Air passengers in danger, Lindenstrauss warns

Last week, Israel failed again to meet the requirements to upgrade its US Federal Aviation Authority safety ranking from category 1 to 2.

Micha Lindenstrauss 311 (photo credit: Ariel Jerozolimski )
Micha Lindenstrauss 311
(photo credit: Ariel Jerozolimski )
The state has not done enough to implement the recommendations of the Lapidot Committee to improve aviation safety and the existing situation puts people’s lives at risk, State Comptroller Micha Lindenstrauss said in a report published on Monday.
Maj.-Gen. (res.) Amos Lapidot headed the Public Committee to Examine Civil Aviation Safety, which issued its recommendations in August 2007.
The State Comptroller’s Office has been investigating the nation’s aviation safety mechanisms for two years. The 56-page document is the result of a thorough study of all the mechanisms in place and all the government agencies involved.
The state failed to implement 46 out of 75 recommendations made by the Lapidot Committee, according to the report.
“Failure to fully implement so many recommendations teaches us that the agencies involved, namely the Civil Aviation Authority, the Israel Aviation Authority, and the Ministry of Transportation, have not completed fixing the safety deficiencies presented in the Lapidot Committee’s report,” the report’s summary reads. “The agencies did not do enough to ensure aviation safety in Israel.”
Out of six categories of recommendations mentioned in the Lapidot Report, the State Comptroller’s Office determined that only the chapter dealing with pirate radio broadcasts was fully addressed.
Implementation was found insufficient in the areas of the operations of the Civil Aviation Authority, equipment and infrastructure development at Ben-Gurion Airport, aviation incident and accident investigations, flight control and airspace.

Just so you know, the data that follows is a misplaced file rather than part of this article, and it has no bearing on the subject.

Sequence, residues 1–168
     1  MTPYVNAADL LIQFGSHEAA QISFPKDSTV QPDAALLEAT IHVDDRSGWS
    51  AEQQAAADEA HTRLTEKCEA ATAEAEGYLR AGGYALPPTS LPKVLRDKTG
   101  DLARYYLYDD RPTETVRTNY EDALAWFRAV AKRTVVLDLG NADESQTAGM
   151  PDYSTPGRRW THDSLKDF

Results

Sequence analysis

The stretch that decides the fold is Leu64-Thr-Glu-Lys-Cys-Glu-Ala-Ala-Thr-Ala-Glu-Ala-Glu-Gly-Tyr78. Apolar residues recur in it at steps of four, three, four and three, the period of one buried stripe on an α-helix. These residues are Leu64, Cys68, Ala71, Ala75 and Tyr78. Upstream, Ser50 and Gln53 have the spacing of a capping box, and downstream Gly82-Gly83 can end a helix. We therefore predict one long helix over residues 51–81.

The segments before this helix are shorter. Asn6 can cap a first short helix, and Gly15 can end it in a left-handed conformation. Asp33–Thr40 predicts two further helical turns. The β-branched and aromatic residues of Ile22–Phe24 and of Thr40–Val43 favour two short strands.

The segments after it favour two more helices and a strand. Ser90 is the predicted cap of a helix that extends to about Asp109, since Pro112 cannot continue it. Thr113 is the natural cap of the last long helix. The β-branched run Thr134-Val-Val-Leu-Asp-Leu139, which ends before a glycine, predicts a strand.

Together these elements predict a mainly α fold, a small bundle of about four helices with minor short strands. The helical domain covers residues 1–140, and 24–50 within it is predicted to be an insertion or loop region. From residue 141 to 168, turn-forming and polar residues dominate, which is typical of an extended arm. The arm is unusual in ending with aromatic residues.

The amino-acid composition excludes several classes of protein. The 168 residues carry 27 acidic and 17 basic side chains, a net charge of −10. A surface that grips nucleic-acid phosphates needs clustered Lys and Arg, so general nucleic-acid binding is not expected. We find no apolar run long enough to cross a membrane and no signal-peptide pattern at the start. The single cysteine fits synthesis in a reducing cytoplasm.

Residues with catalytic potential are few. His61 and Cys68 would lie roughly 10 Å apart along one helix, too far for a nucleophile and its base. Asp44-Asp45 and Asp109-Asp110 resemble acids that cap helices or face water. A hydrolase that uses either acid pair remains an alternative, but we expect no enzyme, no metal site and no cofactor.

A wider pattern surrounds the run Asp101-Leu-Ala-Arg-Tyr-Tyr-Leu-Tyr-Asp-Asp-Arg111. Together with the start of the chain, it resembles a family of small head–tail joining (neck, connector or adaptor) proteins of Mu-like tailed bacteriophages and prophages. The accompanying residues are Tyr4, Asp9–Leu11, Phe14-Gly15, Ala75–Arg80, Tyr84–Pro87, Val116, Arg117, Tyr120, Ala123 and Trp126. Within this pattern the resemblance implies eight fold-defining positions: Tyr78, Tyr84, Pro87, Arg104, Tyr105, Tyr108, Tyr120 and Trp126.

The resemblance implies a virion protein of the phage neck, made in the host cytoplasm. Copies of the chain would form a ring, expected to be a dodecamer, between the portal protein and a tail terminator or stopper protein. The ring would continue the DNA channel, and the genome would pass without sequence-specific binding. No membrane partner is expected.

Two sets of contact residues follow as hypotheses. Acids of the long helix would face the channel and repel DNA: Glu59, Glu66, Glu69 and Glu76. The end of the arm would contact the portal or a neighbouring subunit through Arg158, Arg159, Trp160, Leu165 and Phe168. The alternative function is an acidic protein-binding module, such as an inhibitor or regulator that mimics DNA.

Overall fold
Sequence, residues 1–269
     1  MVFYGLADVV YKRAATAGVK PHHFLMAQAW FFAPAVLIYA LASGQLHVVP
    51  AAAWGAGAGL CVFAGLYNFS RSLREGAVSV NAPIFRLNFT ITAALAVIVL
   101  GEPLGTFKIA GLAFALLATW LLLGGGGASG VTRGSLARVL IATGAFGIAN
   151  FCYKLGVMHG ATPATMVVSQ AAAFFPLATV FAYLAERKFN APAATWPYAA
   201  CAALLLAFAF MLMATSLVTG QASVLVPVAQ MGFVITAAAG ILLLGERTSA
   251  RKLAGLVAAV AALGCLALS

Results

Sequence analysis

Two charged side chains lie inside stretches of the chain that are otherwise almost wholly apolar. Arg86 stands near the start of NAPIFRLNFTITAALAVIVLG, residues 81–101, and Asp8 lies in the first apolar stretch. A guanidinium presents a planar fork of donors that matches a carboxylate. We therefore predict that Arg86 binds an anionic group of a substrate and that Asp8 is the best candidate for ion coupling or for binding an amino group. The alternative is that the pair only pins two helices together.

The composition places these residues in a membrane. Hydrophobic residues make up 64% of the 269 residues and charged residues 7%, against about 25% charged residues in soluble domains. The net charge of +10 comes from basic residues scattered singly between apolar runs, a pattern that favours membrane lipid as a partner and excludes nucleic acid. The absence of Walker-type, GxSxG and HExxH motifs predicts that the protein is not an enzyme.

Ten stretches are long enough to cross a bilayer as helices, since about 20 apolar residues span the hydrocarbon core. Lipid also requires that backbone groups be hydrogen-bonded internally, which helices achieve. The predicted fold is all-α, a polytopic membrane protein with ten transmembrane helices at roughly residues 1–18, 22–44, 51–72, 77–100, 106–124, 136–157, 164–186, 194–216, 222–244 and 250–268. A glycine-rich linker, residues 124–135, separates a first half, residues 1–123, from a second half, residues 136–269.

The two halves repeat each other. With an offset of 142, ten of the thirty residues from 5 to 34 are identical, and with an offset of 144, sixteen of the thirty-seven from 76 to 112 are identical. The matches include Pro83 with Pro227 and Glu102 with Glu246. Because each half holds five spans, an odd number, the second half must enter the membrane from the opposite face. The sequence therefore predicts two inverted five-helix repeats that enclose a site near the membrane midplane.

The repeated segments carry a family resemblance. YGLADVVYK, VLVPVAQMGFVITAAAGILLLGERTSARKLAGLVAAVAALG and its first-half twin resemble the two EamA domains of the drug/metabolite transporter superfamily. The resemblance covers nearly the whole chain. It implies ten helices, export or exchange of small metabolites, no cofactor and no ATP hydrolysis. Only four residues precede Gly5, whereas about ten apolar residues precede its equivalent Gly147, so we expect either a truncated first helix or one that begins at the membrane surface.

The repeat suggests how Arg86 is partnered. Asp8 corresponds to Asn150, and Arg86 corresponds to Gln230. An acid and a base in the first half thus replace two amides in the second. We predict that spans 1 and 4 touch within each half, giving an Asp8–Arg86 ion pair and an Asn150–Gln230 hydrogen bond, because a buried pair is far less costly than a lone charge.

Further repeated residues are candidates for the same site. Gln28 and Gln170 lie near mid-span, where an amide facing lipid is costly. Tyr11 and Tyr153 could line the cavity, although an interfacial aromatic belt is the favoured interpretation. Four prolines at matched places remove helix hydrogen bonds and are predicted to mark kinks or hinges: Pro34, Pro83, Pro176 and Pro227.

Lindenstrauss urged the regulators “to work without delay to complete the implementation of all the Lapidot Committee recommendations.”
Last week, Israel, for the second year in a row, failed to meet the requirements necessary to upgrade its US Federal Aviation Authority safety ranking, after having dropped from category 1 to 2 in 2008.
Lindenstrauss noted the failure in his report and stated that Israel’s failure harmed the nation’s airlines and economy, and its reputation in the eyes of the world.
“Despite Israel’s commitment to operate according to international standards as a member of the International Civil Aviation Organization, the Federal Aviation Authority found severe deficiencies in the CIA’s [Civil Aviation Authority’s] supervision of aviation safety,” read the report, adding that lack of ministerial support was one of the reasons for the deficiencies and that as long as the government’s attitude didn’t shift dramatically the Federal Aviation Authority would continue to limit Israeli airlines’ ability to develop. As long as Israel has a Category 2 rating, its airlines are not allowed to establish new service to the United States.
Lindenstrauss’s report also criticized the Knesset for failing to pass a new Aviation Law that would modernize the aviation regulations, replacing a law that was enacted in 1927.
Amendments to the law have been placed before the Knesset since 1996, but the law has yet to be updated.
The comptroller also looked into the investigation of accidents, reporting some 180 accidents from 2005 to 2009, most of them involving light aircraft.
In addition, thousands of incidents, or “close calls,” took place; 131 of them were defined by the report as serious.
According to the comptroller’s examination, only a small percentage of the recommendations issued by the chief investigator following those incidents have been implemented.
The Israel Aviation Authority said, “All the recommendations which could have been implemented under a short timetable have been implemented, while the recommendations whose implementation is more complicated are in the process of being implemented.
“The IAA council has approved a sum of NIS 2.7 billion for the implementation of the recommendations, and the IAA is meeting the planned timetable for implementation,” read the response.
The Transportation Ministry said in response that “the ministry will implement all the required lessons and has already begun fixing the faults mentioned in the report.
“The ministry’s director-general regularly follows the processes under way to remedy the situation by all of the relevant bodies.”